The role of agents in agricultural policies: Intentions and reality

Martine Dirven
1999 CEPAL Review  
Sectoral policies make explicit and implicit assumptions about the behaviour and capabilities of the agents (such as dynamic responses to market signals, demand-led assistance, collaborative efforts, participation in financing) which we consider to be rather unrealistic. Because of this lack of realism, policies that aim to be neutral often turn out to be highly exclusive. They fail to give sufficient importance to the special features of the sector -with its high climatic, biological and
more » ... cial risks and its slow adaptation-or to the fact that those who take decisions in agriculture are now mostly in an inferior position because of their incomes below the poverty line, their inadequate training, their traditions based on centuries of living in precarious conditions, and their geographical location in marginal areas, far from infrastructure and with only a minimum of services and sources of information. These people have only scanty and imperfect access to the markets which, according to the prevailing model, should govern decisions and the (re)distribution of the factors of production. In our opinion, this explains the patchy and lower-than-expected growth registered by the sector after the reforms to promote the liberalization of markets and external openness in the region. In view of the results of the application of the new model, it may be wondered whether Latin America can afford a form of development which excludes over half of its agricultural producers; what the alternatives are; and what costs and benefits each of them offers in terms of production and monetary, social, spatial and other aspects. The article outlines the changes in policies and their results at the aggregate level, summarizes the arguments usually put forward to explain agricultural performance in the region, and proposes a second set of explanations based on a description of the agents and the responses that may be expected from them, contrasting the latter with the supposedly neutral nature of the policies. C E P A L R E V I E W 6 8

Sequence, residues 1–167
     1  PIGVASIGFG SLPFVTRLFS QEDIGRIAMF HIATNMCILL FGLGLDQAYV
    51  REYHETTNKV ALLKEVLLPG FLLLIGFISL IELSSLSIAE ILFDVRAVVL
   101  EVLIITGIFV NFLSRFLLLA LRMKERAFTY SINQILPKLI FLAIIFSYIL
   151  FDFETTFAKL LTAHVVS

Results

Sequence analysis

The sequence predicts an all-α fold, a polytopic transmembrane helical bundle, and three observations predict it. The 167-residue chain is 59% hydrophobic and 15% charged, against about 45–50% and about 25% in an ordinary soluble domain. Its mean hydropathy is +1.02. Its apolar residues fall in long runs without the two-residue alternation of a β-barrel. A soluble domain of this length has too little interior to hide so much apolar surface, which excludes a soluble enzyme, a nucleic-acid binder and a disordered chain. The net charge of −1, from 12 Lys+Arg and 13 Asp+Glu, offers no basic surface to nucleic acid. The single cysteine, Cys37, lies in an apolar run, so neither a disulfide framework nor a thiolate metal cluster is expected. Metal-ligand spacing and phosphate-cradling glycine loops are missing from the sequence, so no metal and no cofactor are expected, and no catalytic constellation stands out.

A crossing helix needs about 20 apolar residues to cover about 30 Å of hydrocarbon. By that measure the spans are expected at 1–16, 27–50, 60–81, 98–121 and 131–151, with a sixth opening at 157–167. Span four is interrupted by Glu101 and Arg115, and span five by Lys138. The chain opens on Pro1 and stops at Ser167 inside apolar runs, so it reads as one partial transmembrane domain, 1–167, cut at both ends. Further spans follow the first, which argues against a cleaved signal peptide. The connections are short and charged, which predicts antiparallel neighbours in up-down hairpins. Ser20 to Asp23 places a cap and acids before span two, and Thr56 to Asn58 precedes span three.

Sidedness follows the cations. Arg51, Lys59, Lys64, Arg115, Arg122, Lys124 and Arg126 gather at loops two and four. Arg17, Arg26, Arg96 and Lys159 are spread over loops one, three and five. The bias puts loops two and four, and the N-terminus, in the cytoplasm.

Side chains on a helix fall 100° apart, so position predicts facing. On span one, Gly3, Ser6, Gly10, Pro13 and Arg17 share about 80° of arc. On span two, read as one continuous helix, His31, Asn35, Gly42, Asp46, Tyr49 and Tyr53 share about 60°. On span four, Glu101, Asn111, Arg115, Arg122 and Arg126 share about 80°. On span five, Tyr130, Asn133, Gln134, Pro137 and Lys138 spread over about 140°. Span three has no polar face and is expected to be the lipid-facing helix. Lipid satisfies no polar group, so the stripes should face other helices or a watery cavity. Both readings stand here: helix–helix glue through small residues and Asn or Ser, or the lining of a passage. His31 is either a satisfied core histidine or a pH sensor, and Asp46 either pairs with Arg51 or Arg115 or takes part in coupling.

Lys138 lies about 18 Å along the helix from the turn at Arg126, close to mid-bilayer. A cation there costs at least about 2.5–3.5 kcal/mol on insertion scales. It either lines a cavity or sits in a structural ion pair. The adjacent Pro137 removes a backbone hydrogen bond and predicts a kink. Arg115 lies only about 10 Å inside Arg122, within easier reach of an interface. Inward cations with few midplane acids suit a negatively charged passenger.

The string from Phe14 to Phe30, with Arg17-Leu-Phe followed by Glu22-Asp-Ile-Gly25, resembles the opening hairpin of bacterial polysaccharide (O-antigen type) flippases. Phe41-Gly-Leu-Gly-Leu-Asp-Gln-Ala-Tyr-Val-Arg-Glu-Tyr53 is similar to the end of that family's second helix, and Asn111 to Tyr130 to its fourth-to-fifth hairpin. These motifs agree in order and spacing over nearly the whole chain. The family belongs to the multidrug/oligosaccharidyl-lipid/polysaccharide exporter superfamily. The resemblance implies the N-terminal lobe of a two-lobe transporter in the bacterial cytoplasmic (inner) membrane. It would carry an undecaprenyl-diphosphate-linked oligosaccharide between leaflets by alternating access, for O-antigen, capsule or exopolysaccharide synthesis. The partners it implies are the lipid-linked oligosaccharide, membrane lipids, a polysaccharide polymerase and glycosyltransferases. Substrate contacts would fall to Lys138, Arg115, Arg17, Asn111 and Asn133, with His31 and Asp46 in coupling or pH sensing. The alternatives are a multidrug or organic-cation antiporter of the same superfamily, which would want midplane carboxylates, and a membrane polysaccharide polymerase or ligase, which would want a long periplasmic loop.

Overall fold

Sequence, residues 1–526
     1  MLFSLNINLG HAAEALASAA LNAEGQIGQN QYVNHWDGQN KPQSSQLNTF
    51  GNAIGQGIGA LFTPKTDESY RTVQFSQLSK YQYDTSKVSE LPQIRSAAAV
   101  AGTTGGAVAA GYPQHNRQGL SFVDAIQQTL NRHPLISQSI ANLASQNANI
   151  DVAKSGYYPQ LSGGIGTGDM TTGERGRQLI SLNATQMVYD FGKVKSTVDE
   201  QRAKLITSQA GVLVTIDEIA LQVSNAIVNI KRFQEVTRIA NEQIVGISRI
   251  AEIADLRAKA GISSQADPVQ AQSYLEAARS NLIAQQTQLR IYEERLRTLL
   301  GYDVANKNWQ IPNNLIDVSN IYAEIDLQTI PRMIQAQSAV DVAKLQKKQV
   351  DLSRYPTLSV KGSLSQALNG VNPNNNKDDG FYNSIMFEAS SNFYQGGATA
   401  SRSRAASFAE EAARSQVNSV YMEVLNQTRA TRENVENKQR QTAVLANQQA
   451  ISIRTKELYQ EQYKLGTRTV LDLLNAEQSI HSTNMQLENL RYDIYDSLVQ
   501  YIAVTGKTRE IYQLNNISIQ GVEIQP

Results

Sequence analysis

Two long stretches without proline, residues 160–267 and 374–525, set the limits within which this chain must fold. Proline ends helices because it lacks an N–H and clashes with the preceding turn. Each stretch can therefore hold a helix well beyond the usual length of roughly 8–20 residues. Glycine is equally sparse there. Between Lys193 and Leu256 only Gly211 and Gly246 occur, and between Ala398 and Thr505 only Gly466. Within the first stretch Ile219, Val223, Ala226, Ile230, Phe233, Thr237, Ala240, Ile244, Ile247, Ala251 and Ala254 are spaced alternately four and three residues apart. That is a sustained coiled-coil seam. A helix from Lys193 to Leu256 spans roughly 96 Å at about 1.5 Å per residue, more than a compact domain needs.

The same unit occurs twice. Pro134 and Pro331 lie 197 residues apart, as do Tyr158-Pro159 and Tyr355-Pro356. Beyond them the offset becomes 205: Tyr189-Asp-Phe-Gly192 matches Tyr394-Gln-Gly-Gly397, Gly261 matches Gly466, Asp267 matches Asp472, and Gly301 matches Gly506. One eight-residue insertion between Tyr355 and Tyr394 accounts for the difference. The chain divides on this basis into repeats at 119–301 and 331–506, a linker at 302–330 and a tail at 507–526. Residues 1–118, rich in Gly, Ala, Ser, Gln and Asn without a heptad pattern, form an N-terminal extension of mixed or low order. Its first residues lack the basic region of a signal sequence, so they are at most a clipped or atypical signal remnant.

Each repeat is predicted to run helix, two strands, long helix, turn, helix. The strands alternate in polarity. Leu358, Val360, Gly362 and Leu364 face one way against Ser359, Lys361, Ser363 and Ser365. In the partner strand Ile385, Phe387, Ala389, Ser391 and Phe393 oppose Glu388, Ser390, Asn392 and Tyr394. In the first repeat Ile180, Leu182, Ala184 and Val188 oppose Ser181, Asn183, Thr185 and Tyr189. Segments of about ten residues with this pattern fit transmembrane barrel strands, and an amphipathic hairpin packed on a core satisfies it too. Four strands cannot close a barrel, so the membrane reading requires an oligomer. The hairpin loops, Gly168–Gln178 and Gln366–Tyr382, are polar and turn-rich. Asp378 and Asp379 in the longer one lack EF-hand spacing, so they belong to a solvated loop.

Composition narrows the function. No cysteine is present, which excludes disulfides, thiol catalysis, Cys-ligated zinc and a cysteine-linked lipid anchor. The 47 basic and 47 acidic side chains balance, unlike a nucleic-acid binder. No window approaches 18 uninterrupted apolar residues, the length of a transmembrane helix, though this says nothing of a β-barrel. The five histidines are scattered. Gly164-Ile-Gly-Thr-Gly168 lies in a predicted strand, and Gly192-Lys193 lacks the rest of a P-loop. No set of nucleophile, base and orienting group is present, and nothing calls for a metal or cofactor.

doi:10.18356/05c15903-en fatcat:zbtumpjepfhnfjk23xjg3vgtpy